Lack of Coordination and Panic Compromise the African Military Coalition Fighting Boko Haram

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Government Troops battling Boko Haram in West, Central Africa and in the Sahel appear poorly equipped and badly trained to deal with an aggressive insurgency. The disastrous bombing on February 17, 2015 of the Abalam village in the east of Niger by unidentified aircraft believed to be from Nigeria’s air force is an example of amateur work and poorly coordinated African armies. The bombing of Abalam, although likely accidental, led to 36 deaths and scores of wounded. The armies fighting Boko Haram are simply finding it difficult to work together and synchronize their capabilities, and the most affected countries of this scramble to degrade the terrorist organization are the ones situated around Lake Chad, namely Nigeria, Chad, Niger and Cameroon.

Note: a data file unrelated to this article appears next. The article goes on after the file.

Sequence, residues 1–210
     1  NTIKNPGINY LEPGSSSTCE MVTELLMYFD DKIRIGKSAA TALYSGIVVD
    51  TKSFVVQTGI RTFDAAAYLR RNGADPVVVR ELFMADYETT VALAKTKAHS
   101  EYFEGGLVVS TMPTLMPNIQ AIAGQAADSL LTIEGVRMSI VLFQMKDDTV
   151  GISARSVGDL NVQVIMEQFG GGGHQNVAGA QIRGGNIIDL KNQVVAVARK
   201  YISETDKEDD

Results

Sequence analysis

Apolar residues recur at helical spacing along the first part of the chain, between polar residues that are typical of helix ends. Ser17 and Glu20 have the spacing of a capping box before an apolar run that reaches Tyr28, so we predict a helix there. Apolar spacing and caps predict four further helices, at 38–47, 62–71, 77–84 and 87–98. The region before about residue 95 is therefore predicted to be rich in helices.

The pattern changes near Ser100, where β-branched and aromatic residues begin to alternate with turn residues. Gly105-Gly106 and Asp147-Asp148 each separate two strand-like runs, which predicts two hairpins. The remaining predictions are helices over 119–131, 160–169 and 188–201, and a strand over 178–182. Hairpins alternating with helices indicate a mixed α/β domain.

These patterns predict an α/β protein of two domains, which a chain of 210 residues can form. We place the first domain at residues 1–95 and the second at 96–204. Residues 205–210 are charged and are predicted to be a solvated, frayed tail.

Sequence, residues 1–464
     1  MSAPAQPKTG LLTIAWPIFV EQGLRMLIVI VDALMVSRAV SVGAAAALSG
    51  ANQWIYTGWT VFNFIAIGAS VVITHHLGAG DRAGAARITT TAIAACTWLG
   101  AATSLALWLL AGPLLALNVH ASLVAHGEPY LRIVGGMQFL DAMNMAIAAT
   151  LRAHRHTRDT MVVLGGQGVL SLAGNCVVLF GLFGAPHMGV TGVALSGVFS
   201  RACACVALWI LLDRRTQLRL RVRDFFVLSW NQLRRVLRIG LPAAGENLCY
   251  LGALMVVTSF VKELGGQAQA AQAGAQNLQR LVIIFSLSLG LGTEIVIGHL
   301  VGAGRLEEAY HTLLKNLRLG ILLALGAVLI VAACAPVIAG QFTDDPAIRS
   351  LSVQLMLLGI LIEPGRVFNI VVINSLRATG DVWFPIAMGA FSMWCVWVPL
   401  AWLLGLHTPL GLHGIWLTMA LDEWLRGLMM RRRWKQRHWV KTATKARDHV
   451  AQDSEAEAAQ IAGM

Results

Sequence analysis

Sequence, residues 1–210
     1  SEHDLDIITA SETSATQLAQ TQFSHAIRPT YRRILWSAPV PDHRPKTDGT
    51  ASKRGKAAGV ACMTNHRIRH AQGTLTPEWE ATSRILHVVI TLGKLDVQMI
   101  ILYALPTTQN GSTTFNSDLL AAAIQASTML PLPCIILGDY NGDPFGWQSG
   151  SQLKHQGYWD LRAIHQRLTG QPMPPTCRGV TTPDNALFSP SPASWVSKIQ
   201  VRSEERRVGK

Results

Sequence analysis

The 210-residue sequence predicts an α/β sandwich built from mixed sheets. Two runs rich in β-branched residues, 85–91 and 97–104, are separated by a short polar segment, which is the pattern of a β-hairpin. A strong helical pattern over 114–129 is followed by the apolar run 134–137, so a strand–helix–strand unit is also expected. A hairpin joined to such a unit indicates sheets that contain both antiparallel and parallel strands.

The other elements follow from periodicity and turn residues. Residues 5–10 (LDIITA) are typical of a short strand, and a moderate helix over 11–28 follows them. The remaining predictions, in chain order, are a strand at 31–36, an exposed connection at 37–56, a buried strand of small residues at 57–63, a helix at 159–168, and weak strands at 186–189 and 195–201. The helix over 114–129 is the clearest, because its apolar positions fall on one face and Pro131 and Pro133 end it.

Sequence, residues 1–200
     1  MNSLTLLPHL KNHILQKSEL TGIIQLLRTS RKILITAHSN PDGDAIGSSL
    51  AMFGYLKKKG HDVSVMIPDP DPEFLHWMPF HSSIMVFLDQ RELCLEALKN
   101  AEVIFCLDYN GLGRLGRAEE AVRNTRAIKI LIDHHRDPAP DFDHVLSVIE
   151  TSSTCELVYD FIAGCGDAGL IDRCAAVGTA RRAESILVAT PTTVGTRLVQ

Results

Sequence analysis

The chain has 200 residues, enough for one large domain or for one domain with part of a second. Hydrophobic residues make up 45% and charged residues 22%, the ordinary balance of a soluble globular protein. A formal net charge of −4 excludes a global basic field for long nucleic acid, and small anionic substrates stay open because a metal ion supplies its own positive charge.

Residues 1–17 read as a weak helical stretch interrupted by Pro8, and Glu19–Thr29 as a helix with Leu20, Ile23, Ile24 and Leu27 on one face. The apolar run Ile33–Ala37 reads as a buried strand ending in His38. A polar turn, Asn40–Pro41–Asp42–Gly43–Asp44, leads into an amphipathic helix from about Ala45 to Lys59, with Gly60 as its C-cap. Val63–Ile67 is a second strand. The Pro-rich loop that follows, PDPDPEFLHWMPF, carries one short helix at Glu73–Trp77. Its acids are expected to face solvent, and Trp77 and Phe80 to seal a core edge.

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The North Africa Journal is a leading English-language publication focused on North Africa. The Journal covers primarily the Maghreb region and expands its general coverage to the Sahel, Egypt, and beyond, when events in those regions affect the broader North Africa geography. The Journal does not have any affiliation with any institution and has been independent since its founding in 1996. Our position is to always bring our best analysis of events affecting the region, and remain as neutral as humanly possible. Our coverage is not limited to one single topic, but ranges from economic and political affairs, to security, defense, social and environmental issues. We rely on our full staff analysts and editors to bring you best-in-class analysis. We also work with sister company MEA Risk LLC, to leverage the presence on the ground of a solid network of contributors and experts. Information on MEA Risk can be found at